Causes and prevention of white collar, organized crime, gangs and other current interest topics selected by the instructor. May be taken multiple times under new topic.
Critically exams case law and statutes dealing with arrest, search and seizure and liability concerns for officers in this area.
Basic principles for forensic experts (reporting, testimony, etc.) and physical methods for evidence analysis including microscopy and pattern recovery and analysis. Prerequisite: CJ 2340 and either CHEM 1120 or CHEM 1220; or instructor approval.
Legal and scientific methodology behind detection, identification, development, recovery, preservation, analysis and comparison of fingerprints. Prerequisites: CJ 4110 or instructor approval.
Topics in forensic instrumentation, trace evidence, pattern evidence, biological and chemical evidence. Prerequisite: CJ 4110 or instructor approval.
This course critically examines the 5th and 6th Amendments to the United States Constitution, emphasizing the right to counsel, right to silence and right against self-incrimination. It examines citizens rights and officer's responsibility and liability in connection with those rights.
Critically examines selected criminal justice ethical issues such as capital punishment, official corruption, use of deadly force, discretion and deception by the police. Prerequisite: CJ SS1010.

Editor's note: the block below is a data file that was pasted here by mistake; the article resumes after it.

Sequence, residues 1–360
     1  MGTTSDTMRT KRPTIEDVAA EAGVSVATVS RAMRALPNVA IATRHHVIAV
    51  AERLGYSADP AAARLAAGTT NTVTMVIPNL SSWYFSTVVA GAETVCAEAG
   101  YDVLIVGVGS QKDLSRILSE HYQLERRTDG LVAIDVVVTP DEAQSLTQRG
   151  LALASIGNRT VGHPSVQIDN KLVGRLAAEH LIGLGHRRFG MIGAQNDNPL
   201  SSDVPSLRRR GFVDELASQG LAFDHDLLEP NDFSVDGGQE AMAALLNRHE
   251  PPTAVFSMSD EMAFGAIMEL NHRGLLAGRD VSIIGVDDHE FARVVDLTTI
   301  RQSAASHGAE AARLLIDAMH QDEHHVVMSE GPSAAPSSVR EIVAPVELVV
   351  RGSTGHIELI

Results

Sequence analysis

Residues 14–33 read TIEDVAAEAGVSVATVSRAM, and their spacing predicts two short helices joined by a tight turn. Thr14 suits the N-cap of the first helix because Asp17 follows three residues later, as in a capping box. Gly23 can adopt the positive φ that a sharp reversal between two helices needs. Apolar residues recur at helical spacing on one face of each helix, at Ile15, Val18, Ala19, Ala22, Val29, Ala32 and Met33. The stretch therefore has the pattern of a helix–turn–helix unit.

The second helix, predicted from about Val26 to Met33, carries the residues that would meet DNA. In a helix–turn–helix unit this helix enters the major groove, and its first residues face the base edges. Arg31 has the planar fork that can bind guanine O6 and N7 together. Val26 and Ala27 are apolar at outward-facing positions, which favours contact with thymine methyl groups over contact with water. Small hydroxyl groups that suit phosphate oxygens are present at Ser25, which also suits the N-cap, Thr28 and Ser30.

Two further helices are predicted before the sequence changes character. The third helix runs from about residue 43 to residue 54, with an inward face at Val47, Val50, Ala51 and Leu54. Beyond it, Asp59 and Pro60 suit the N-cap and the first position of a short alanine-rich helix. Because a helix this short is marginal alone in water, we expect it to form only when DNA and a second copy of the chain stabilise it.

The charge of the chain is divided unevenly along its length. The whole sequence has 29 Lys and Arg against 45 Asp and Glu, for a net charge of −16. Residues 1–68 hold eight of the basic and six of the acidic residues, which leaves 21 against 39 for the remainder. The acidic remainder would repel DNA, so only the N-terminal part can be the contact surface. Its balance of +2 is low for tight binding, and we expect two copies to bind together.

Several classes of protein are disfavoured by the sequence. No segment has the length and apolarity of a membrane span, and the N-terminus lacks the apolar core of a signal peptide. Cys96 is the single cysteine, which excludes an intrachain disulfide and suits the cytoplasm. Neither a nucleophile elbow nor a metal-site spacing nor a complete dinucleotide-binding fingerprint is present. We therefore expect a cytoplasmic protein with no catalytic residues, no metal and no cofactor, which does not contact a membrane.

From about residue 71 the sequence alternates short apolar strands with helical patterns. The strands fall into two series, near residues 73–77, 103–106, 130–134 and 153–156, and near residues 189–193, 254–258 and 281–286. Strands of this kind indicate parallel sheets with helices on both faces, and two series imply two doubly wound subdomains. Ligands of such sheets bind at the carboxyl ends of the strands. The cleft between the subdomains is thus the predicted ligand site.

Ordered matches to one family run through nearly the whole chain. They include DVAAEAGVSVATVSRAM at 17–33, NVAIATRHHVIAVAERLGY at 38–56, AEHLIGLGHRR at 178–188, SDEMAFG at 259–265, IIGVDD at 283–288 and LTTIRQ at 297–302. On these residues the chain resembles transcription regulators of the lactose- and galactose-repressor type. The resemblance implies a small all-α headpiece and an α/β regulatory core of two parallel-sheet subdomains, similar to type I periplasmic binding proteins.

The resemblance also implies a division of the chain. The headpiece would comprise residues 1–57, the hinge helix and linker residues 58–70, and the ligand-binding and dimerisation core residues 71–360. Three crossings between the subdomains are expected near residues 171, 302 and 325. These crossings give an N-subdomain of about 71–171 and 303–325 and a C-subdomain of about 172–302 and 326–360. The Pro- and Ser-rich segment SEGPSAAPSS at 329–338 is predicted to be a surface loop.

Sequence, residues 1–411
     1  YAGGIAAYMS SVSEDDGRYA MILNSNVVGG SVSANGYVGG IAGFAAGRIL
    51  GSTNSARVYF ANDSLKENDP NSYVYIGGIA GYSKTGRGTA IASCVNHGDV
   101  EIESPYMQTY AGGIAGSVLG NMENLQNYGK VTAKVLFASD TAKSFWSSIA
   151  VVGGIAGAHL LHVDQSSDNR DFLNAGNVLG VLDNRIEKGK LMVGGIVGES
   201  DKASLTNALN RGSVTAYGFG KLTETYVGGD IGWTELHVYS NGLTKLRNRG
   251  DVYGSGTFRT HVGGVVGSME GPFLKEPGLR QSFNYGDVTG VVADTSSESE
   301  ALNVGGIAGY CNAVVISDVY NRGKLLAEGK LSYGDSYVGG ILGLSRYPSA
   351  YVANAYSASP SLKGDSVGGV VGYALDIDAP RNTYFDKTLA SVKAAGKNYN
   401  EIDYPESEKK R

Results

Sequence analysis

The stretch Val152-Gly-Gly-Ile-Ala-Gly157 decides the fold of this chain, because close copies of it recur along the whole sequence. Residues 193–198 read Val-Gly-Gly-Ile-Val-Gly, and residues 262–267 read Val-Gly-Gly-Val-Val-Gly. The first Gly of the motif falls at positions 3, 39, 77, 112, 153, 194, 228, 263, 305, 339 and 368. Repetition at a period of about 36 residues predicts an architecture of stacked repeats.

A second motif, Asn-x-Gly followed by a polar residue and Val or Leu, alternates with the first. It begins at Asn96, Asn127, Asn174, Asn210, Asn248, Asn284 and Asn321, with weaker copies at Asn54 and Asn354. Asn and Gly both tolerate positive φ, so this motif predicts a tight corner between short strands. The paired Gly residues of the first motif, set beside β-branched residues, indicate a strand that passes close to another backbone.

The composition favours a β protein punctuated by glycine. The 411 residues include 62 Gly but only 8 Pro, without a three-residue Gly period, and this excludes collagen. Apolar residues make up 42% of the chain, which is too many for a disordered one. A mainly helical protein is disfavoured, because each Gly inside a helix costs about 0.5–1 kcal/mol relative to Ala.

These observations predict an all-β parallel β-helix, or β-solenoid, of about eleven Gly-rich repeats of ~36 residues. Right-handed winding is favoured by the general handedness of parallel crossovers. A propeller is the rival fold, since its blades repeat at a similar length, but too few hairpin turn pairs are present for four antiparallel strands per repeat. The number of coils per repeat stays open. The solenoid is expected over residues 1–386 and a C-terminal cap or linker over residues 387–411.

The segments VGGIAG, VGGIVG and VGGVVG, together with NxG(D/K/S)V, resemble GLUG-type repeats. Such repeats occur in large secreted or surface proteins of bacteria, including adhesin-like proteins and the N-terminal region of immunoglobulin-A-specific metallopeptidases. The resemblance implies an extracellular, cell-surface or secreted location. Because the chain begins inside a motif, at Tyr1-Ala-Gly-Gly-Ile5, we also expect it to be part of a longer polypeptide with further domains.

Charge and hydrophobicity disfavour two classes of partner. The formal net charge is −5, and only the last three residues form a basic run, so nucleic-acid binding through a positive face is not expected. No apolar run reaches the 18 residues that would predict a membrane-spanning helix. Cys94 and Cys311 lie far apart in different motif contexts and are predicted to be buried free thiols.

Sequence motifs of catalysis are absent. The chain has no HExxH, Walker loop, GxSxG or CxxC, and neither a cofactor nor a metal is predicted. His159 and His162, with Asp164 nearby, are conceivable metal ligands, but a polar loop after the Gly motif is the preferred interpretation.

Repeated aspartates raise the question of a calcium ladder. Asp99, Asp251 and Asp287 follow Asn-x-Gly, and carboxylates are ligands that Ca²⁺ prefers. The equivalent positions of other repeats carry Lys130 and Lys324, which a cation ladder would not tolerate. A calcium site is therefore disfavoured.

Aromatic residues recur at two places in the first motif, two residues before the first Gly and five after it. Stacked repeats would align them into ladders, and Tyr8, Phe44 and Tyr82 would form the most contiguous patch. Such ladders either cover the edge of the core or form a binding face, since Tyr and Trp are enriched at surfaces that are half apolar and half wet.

An introduction to the history of America's law enforcement organizations, stressing the development, community issues, and organizational designs. The early leaders in policing and the early crime problems in America will be discussed and studied. From slave patrols prior to the Civil War to the U.S. Marshals of the old west, police development issues will be presented.
Compares United States criminal justice system with other international systems from throughout the world. Prerequisite: CJ SS1010.
This number is used for newly developed experimental courses.
Assigned reading or project with evaluation by faculty member. Requires approval of the Department Chair.
Field experience with city, county, and state criminal justice agencies. Registration is by permission of the instructor. Students may take this course for a combined total of six (6) credit hours, with consent of instructor.
In-depth study of current theoretical issues in criminal justice. Specific offering will be identified by name and will be listed on student's transcript with authorized credit. May be taken multiple times under new topic.
(See CJ 2920 for description.)
Designed to provide students with access to both national and international law enforcement agencies, prisons, detention centers, courts and institutions dealing with criminals and delinquents - male and female. Field trips include 2-3 weeks of intense instruction and then 3-5 days of on-site visits, interviews, and lectures by practitioners in the field. Course may be repeated for a total of six (6) hours of criminal justice credit. Additional hours will be counted toward 120 elective hours of study.
Emphasis on the practical application of basic research practices to law enforcement and corrections problems. Prerequisites: CJ SS1010, either CJ SI3600 or SOC SI3600 or PSY SI3600 or GERT SI3600, and junior or senior standing.
An in-depth exploration of selected issues and dilemmas surrounding the criminal justice field. Prerequisites: CJ SS1010, and senior standing.
Weber State University 2008-2009 Catalog